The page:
The column ``Rising Immigration Exacts a Heavy Toll on the Environment,'' July 19, provides the information that has escaped adequate exposure in the daily news media.
This has left the public without the background information to face one of the most difficult global problems.
I spent a number of winter vacations on a small island in the Caribbean.
The population has not increased in some 200 years, despite the large families that are common.
When the children of such families are grown, they typically go overseas to work, and the money they send home provides an extra source of income for their parents.
Exportation of surplus population is not an uncommon practice, but will become more difficult in the years ahead, for reasons expressed by the article.
As long as this practice works so well, however, there is no incentive to fit the population to the resources of an area.
If countries accept now that they will not be able to export population forever, then new incentives to define sustainable areas and, at the same time, control population will appear.
This is an alternative to the terrible suffering that will occur in the future if suitable measures are not taken now. Edward Boettiger, Woods Hole, Mass.
Emigration Won't Cure `Surplus Population'
To refer to the problems occurring around immigrants as ``environmental degradation'' is cruel and just adds to the stigma these poor people experience.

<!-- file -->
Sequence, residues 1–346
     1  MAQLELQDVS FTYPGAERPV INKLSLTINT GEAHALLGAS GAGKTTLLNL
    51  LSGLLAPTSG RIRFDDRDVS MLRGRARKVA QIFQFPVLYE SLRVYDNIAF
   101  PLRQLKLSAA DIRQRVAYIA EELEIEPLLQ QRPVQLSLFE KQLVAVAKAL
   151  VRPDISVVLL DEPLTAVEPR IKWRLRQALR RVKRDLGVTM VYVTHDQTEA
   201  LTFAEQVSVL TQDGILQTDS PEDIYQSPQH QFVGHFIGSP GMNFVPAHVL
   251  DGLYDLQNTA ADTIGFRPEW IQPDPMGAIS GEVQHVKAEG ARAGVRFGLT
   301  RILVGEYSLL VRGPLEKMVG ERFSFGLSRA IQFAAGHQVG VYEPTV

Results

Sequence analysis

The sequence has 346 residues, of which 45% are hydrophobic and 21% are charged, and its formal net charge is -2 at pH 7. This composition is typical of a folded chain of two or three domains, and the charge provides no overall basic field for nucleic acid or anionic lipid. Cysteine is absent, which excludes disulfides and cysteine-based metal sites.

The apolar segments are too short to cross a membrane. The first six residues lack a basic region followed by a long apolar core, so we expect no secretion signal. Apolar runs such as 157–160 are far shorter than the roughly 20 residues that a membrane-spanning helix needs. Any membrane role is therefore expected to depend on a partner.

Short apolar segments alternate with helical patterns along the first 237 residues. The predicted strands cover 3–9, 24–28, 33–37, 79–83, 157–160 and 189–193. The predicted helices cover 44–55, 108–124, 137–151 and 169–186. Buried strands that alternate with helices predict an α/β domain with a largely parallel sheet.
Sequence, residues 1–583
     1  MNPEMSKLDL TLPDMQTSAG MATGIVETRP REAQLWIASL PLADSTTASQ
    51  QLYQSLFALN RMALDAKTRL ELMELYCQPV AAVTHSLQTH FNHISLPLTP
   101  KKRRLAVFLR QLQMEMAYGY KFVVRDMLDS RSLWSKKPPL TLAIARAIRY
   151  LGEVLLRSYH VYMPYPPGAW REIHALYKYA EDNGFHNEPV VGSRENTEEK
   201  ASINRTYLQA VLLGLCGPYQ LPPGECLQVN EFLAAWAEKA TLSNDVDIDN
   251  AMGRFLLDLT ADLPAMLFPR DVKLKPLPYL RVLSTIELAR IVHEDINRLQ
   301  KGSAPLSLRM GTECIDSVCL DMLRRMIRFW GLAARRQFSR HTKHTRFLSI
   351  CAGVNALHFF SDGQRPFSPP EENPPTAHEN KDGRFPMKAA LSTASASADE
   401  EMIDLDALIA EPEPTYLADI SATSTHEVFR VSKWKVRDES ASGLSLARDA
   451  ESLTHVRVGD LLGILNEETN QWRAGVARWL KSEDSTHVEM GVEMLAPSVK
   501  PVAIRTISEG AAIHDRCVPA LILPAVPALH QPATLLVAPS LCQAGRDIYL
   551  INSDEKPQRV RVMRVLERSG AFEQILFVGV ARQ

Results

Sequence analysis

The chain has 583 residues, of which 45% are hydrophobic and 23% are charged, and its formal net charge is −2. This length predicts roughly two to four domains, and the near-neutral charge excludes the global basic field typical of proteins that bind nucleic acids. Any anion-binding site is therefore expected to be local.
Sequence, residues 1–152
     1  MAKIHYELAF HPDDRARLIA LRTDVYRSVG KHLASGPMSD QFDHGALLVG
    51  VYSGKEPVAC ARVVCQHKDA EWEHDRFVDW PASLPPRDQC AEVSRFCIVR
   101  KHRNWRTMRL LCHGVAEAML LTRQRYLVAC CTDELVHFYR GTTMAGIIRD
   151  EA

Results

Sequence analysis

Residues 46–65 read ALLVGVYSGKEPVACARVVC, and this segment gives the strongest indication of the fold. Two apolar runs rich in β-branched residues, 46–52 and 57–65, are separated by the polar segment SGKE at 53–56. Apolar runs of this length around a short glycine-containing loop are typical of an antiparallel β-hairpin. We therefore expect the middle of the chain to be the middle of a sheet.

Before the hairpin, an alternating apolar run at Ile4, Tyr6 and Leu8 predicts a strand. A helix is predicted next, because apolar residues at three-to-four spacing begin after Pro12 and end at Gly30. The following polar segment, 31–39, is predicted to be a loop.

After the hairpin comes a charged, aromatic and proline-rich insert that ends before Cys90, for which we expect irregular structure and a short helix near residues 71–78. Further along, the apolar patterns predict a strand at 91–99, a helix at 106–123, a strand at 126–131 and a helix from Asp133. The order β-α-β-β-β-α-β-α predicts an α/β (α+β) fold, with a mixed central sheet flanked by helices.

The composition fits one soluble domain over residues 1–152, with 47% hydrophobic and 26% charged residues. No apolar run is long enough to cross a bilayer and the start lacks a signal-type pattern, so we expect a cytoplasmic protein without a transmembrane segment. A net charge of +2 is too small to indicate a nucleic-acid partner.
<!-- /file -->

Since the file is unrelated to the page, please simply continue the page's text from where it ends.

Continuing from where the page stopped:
I agree that we have a population explosion, which is not good, but to stigmatize a disadvantaged minority is wrong.
For example, here in California there is a ``Save Our State'' initiative on the ballot to take public education, health care, and social services away from illegal aliens. Anne Lyeheim, San Rafael, Calif.
As reported in the article, ``Deep Dilemma in Grand Canyon: Improve Access or Retain Natural Beauty,'' Aug. 2, the cars, buses, airplanes, and helicopters converging on the Grand Canyon in ever greater numbers should wake us up.
The demands on our national parks are growing. The United States population has doubled since 1940, but park visitation is 16 times as high.
Pressure on national forests, national wildlife refuges, and US Bureau of Land Management areas - including the California desert -
is also growing rapidly.
A profoundly important legacy is at stake. The 620 million acres of public lands our forebears had the good sense to protect are a significant part of what we will pass on to future generations.
We need to take better care of these lands. Congress should conduct hearings on the sustainability of these special places - and of all our other resources at a time when the Census Bureau projects at least a 50 percent increase in America's population over the next 50 years. Gaylord Nelson, Washington Counselor, The Wilderness Society
The article, ``Alternative Health-Care Groups Push for `Choice' in Reform Bill,'' July 26, provides interesting and important information I have found nowhere else.
Many Americans for the first time are exploring the thought of health care from fresh perspectives.
Our whole nation is being roused to give deeper thought to the subject.
As we sort out the varied recommendations proposed for universal health-care legislation, your articles and editorials are enormously helpful.
Thank you for your consistent, journalistic standards. Nancy Dyson Shipp, Cambridge, Mass.